Earlier this year Gartner, those prognosticators of all things IT, released a report detailing how Chief Marketing Officers would be spending more on IT by 2017 than CIOs. Naturally the IT press (and some mainstream press as well) used this as the opportunity to proclaim the end of the CIO role. What everyone forgot was that this was a projected occurrance due to happen sometime in the future if trends continue.
But trends never continue.
IT is in a continual state of transition. Cloud computing, SaaS, BYOD, and Software Defined Networking will continue to cause major changes in the coming years, but this is nothing new. IT has been continually evolving since it first came on the scene; that it would be changing now in the era of Big Data and social media should come as no surprise to anyone. And during this upheaval, the one we’re going to trust to keep on top of it all and make major decisions about the organization’s central nervous system is…..the marketing guy?
I can see CMOs being very interested in Business Intelligence and Big Data applications, but are they going to manage servers or outsourcing vendor relations for other departments? Are they going to spend time researching the latest technologies for signs of usefulness to the overall business? Will they accept responsibility for the company’s BYOD and mobility security issues?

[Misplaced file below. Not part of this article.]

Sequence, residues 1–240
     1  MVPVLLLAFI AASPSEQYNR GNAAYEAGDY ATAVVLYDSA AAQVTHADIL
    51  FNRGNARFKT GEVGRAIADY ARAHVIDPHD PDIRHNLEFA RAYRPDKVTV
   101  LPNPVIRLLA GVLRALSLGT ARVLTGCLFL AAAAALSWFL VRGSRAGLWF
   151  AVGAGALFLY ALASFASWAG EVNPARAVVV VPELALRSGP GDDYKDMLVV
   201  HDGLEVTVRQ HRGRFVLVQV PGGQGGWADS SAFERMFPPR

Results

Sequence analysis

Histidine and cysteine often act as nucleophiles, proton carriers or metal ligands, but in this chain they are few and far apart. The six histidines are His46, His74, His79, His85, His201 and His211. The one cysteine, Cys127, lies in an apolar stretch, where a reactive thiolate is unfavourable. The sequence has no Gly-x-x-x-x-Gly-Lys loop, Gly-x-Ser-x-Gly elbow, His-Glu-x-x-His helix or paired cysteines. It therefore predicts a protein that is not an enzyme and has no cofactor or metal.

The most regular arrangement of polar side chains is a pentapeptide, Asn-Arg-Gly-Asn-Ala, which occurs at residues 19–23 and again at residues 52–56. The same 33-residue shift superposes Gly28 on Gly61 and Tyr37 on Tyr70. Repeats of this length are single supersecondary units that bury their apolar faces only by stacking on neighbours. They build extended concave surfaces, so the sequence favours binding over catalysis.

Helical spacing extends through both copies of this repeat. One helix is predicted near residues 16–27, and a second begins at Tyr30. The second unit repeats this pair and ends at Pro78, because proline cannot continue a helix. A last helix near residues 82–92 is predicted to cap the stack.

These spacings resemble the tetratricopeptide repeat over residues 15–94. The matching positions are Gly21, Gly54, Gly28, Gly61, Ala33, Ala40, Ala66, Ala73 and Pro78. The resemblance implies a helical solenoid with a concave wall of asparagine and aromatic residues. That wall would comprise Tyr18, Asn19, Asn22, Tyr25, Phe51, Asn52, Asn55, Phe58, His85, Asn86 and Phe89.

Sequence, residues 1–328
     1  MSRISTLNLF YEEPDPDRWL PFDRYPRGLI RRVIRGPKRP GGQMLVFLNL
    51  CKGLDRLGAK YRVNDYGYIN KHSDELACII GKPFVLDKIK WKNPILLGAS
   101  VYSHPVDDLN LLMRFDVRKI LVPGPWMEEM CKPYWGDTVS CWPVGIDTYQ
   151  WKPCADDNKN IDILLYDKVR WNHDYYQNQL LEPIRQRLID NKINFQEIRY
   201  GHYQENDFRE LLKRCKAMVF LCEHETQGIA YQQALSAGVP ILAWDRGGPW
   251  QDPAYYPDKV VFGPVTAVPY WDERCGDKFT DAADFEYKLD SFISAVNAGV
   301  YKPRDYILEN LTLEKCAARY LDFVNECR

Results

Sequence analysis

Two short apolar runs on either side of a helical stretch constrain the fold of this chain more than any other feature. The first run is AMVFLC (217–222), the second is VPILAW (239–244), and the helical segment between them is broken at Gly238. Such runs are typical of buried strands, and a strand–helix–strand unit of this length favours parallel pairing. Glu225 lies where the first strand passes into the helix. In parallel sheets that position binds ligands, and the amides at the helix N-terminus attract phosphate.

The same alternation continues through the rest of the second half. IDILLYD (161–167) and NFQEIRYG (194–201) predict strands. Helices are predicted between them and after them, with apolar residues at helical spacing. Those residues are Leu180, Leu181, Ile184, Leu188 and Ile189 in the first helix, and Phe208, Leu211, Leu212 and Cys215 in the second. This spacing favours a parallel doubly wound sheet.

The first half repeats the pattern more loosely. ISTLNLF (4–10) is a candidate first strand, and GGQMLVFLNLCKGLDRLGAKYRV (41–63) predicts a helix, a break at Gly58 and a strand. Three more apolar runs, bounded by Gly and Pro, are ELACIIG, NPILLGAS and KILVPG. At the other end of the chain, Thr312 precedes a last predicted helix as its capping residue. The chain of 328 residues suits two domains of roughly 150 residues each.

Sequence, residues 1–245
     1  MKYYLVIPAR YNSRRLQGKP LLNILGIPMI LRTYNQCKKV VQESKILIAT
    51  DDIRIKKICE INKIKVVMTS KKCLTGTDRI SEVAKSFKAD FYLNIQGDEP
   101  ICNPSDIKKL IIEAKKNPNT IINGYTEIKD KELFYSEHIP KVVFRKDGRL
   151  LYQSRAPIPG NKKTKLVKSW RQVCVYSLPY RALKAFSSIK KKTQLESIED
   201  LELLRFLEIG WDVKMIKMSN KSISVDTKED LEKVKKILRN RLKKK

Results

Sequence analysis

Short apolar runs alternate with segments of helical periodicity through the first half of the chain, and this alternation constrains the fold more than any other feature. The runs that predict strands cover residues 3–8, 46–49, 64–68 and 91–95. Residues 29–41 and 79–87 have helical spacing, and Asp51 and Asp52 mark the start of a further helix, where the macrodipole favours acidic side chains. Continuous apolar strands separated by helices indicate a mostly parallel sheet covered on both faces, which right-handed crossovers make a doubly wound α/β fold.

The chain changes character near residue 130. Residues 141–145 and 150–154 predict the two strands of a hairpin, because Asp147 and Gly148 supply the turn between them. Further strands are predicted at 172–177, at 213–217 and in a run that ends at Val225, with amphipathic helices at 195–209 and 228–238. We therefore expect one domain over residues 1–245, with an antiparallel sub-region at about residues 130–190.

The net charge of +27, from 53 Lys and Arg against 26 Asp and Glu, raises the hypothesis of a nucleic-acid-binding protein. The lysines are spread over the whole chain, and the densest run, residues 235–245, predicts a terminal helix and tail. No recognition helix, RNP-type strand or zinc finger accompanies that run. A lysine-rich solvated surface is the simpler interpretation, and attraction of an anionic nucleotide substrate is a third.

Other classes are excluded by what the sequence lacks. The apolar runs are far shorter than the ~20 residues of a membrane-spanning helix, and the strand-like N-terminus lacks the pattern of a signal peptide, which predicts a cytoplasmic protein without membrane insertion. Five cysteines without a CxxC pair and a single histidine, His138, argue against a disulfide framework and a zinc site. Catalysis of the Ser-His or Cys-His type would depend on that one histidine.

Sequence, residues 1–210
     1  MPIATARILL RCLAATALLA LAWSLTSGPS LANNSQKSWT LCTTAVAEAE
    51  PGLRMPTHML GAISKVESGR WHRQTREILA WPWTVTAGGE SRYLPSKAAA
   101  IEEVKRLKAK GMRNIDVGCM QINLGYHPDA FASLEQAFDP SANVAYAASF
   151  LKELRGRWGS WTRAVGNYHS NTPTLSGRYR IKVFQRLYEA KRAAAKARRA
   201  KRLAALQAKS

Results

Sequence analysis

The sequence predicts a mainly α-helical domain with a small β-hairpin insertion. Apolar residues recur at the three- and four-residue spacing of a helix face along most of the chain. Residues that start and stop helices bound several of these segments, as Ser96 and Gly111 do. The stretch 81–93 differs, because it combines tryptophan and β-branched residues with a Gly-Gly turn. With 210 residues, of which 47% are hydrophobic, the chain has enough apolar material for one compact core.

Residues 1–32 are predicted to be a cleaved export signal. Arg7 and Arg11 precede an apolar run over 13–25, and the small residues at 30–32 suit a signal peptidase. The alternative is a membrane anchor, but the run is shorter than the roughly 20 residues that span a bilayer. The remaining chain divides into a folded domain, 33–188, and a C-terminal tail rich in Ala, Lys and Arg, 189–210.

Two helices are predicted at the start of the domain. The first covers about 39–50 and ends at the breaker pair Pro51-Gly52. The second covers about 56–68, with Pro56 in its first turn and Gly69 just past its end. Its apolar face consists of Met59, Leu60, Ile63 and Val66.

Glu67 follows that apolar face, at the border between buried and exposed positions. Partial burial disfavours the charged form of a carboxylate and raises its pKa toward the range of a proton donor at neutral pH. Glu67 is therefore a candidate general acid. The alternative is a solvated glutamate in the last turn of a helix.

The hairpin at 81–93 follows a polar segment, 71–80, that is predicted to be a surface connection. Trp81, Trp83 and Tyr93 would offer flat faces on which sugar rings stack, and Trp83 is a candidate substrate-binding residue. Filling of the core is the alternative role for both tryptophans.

Of course not. Nobody wants that kind of responsibility, that kind of risk. Nobody but the CIO, anyway.
In order to reverse their loosening grip on the organization’s digital assets, CIOs will have to deal with their bad PR. They have to deepen their understanding about their firms’ core business. They have be more proactively interested in the problems the various business units are trying solve. And much as they may not want to, they have to start answering the phone. A recent trend that CIOs seem to be blind to is that vendors have given up trying to reach them and are now calling on the heads of sales, heads of marketing, and other business leaders. And they’re getting through. Are you wondering why the VP of sales is now suddenly interested in Unified Communications and videoconferencing? Your VAR called him instead of you.
CIOs aren’t going anywhere. The role is going to change, naturally, but that has been a constant for the past 30 years. How it changes can be influenced by them and the moves they make in the next couple of years.